Now he has a leg on which he can run and play basketball again. "Basketball is my life," he says. "If I can't fulfill the dream of playing in the NBA, then I'm gonna stay in the service. The next step would be to make the All-Army team. I want guys to take me seriously. I will slip by you, and I will get you. I don't want no pity. I want people to know that I can still play. That we, all disabled soldiers, can still play."
Left: It's been a while since he's been on the ice, but Joe Bowser hasn't forgotten how to handle the stick.
Right: Jerrod Fields opted to play with a prosthetic leg, but he isn't giving up a step on the basketball court.
On that same summer day at Walter Reed, Joe Bowser was on the other side of the room from Fields, learning how to walk again. He had lost his right leg after a 122mm Chinese rocket came flying into the phone bank in his base camp north of Baghdad, where he was talking to his fiancee in Georgetown, Ky. Doctors tried to save his leg -- he hung on to it for two weeks -- but Bowser finally ordered it cut off after they told him the mangled appendage would cause him pain the rest of his life.

"I had it amputated so I could do everything I used to do," says Bowser, a former mailman. "I played ice and street hockey all the time. I was in a men's league. Hockey is my love. Is there any other sport but hockey? Oh, I ride a bike to strengthen my leg. I lift weights to strengthen my upper body. I hand-cranked a bike through the New York City Marathon last year in two hours and six minutes. I'll be here two or three more months. I just have to get this leg squared away. Then I'll be ready to go -- to play hockey and get back to everyday life."
For the first time in his life, Bowser doesn't have to bend over to tie his skate.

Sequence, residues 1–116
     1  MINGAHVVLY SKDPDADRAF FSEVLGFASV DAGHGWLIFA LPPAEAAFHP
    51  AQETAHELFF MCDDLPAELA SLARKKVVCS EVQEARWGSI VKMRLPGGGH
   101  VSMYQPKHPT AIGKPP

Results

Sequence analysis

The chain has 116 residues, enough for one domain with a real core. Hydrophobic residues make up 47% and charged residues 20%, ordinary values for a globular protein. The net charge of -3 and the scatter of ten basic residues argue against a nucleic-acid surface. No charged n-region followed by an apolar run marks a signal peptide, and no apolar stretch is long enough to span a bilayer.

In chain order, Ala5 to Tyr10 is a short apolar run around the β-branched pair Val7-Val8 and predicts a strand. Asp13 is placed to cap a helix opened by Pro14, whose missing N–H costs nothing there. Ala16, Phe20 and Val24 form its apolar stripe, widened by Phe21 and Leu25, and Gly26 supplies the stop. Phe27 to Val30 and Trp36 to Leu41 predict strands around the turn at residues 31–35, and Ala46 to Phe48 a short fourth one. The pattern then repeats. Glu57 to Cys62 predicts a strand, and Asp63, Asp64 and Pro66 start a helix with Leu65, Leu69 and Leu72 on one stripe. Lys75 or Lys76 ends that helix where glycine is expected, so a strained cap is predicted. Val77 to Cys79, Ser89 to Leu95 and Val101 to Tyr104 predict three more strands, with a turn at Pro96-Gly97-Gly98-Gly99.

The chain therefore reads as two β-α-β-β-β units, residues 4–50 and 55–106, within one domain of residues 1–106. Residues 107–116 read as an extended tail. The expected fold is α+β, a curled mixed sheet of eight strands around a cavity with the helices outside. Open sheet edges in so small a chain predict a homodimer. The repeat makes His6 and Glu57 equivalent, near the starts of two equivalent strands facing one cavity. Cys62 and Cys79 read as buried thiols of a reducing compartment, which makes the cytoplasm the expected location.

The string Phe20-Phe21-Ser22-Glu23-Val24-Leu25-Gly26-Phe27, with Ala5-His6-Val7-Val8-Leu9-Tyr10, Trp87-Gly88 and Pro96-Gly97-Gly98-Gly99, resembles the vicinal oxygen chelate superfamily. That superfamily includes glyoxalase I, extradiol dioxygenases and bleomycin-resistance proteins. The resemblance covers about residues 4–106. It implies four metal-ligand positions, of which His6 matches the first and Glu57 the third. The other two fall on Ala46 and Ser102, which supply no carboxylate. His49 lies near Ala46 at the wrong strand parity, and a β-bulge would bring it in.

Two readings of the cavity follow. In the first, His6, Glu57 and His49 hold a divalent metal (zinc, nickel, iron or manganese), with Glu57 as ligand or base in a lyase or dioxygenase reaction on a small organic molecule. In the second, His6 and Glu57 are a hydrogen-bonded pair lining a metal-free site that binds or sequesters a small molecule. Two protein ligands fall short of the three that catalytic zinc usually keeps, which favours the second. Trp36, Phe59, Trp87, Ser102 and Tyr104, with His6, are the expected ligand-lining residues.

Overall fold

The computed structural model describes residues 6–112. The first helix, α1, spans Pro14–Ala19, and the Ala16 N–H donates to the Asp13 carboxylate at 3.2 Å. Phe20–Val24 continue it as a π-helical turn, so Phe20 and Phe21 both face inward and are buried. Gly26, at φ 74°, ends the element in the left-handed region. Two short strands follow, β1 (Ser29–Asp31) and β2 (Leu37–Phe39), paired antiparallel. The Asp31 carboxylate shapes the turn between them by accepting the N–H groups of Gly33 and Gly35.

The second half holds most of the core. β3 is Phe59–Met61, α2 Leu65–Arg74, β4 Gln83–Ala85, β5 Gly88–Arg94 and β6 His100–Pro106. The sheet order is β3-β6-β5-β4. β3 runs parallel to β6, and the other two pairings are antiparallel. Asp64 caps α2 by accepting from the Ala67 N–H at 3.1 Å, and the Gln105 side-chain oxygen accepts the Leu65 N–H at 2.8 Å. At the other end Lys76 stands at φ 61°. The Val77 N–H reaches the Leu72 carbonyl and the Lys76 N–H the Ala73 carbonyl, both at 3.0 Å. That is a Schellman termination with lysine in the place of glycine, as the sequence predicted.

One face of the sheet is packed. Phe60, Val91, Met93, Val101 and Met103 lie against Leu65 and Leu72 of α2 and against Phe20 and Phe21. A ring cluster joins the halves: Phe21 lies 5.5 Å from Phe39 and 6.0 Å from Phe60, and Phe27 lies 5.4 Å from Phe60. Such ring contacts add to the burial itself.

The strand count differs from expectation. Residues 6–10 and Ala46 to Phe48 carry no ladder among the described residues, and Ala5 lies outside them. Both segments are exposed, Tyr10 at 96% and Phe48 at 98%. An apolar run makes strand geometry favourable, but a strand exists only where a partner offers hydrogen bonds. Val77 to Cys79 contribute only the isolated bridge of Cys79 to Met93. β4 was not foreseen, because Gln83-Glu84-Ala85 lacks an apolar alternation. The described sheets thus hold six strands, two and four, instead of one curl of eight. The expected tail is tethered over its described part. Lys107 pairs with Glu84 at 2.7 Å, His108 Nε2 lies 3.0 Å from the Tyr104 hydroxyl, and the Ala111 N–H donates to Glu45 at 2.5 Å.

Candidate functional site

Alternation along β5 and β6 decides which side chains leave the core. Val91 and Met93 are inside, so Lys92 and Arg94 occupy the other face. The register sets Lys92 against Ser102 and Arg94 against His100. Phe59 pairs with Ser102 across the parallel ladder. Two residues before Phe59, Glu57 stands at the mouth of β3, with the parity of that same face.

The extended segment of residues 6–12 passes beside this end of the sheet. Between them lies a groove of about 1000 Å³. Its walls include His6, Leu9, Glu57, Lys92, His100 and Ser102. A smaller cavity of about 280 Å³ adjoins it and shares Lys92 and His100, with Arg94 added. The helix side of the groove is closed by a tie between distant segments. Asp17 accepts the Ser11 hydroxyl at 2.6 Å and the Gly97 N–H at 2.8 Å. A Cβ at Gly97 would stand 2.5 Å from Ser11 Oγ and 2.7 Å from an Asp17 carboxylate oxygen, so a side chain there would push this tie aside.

Right in the middle of the therapy room that day, stretching on a bench, was Ramon Guitard. Sports has transfigured his life. He has been traveling the country competing in events he never dreamed of doing before his injury: throwing the javelin, trapshooting, playing table tennis and 9-ball, shooting an air gun.

"I bowled a 261, the best I've ever bowled in my life, out of a wheelchair!" Guitard says. "It has changed my perspective on life. It's made me realize that, while I'm injured, I'm not giving up. Even when I get old, I'm not giving up. Sports have taught me to be a hell of a lot stronger than I ever was."

He called upon that strength when he climbed aboard the handcycle. Churning the pedals with his arms, he navigated the cycle the 26 miles and 485 yards of the Marine Corps and New York City marathons on successive Sundays in November.

"This makes me feel like a whole person again," he says after completing the double marathon. "If you don't go out today and you are not sore tomorrow, then you haven't done anything. You haven't pushed yourself.

"It is all about taking yourself to the limit."

Allah be with him.

William Nack, a former writer for Sports Illustrated, is a contributor to ESPN.com.


<<  )(  Part I  )(  Part II  )(  Part III  )(  Part IV  )